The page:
A felony complaint charged defendant with two counts of rape in the second degree (Penal Law § 130.30 [1] [sexual intercourse between an adult and a minor under age 15]). The felony complaint alleged that “from September 1st, 2013 to September 9th, 2013,” defendant had “sexual intercourse with a 14 year old female on two occasions while he was 19 years old [in the] City of Batavia.” Attached to the felony complaint was a supporting deposition from the alleged victim, who swore that she had sexual relations with defendant on two occasions while she was 14 years old, and on three occasions while she was 15 years old. It is undisputed that the victim turned 15 years old on September 9, 2013.

Defendant waived his right to a preliminary hearing and was held for action by the grand jury. Defendant subsequently waived his right to indictment and consented to prosecution by superior court information. To memorialize that waiver, defendant signed a written waiver of indictment in open court in the presence of his attorney. The written indictment waiver was also signed by defense counsel and the Genesee County District Attorney.

The written waiver did not contain any data whatsoever regarding the “date and approximate time and place of each offense to be charged in the superior court information,” as explicitly required by CPL 195.20. Notwithstanding that defect, County Court determined that the written waiver “fully complie[d] with the provisions of Sections 195.10 and 195.20 of the Criminal Procedure Law” and approved it on the record.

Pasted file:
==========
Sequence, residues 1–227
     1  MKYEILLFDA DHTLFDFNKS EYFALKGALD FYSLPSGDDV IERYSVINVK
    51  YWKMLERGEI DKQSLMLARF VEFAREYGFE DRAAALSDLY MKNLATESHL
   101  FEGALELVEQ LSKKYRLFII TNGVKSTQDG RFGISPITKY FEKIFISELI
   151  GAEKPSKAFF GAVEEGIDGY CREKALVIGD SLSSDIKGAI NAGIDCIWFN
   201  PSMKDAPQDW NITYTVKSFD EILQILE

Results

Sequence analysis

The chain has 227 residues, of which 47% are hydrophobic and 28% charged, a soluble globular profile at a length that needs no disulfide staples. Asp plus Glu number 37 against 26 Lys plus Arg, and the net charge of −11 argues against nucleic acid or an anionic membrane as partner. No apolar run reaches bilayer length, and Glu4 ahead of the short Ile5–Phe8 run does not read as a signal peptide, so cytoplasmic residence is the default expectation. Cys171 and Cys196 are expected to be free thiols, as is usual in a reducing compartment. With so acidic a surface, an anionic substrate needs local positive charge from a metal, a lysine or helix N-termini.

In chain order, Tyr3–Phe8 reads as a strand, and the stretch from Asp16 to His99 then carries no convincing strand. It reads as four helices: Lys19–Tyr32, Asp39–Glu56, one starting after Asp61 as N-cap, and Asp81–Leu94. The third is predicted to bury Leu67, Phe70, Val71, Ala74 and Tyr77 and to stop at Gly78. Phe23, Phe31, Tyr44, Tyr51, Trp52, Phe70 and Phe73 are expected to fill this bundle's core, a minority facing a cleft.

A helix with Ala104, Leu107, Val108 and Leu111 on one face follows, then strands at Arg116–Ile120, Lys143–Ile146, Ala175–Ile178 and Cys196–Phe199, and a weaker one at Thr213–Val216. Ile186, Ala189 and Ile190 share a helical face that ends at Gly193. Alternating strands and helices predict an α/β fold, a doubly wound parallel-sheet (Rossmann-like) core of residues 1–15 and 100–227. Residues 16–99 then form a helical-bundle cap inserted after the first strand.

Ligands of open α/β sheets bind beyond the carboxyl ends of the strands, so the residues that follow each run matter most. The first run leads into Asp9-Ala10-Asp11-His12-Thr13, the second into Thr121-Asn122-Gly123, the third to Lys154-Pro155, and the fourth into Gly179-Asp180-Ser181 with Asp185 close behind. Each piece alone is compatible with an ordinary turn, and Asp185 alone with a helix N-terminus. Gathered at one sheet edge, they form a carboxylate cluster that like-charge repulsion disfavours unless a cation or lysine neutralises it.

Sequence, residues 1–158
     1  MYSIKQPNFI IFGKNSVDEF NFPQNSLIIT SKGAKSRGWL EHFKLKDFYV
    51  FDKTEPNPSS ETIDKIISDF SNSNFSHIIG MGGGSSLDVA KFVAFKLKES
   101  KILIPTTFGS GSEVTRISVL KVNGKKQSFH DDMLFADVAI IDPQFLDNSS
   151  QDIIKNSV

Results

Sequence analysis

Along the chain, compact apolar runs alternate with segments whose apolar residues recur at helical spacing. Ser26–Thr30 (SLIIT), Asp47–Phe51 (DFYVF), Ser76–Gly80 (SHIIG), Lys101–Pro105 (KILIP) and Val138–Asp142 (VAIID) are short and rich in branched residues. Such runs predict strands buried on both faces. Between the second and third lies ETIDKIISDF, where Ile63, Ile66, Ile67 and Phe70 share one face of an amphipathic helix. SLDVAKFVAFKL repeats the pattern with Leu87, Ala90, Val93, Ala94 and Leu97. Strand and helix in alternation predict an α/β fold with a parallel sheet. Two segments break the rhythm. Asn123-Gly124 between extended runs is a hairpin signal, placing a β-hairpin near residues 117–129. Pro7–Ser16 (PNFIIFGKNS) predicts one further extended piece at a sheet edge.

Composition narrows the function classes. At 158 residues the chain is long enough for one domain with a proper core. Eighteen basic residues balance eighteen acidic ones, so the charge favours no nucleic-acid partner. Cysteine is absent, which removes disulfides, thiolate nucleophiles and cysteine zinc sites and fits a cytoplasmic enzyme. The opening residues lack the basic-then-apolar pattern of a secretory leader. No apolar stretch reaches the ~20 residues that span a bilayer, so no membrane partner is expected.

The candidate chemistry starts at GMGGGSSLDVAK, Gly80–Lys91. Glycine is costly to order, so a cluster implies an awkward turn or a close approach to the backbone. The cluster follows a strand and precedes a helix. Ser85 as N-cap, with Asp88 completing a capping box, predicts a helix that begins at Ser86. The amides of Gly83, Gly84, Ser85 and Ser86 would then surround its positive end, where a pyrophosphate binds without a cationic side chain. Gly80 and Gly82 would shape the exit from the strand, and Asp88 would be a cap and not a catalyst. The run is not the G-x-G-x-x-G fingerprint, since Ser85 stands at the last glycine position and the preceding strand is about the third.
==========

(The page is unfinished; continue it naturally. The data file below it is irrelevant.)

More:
The failure to include the dates and times of offense was of particular significance in this case, the Fourth Department held, because only some of the multiple instances of sexual contact between defendant and the victim constituted second-degree rape in

light of her intervening 15th birthday. Thus, from the perspective of a criminal defendant poised to waive his right to indictment, it was of paramount importance to ensure that the SCI charged only conduct within the statutory definition of that crime, i.e., sexual contact that occurred before the victim’s 15th birthday. And there might be no way of ascertaining that critical detail if, in contravention of the legislative command embodied by CPL 195.20, the written waiver itself neglected to specify the dates and times of the subject offenses.

The waiver was therefore jurisdictionally defective because it failed to comply with CPL 195. 20. Reversal was required.

The Fourth Department’s decision can be found here.

Warm regards, Edward V. Sapone Sapone & Petrillo, LLP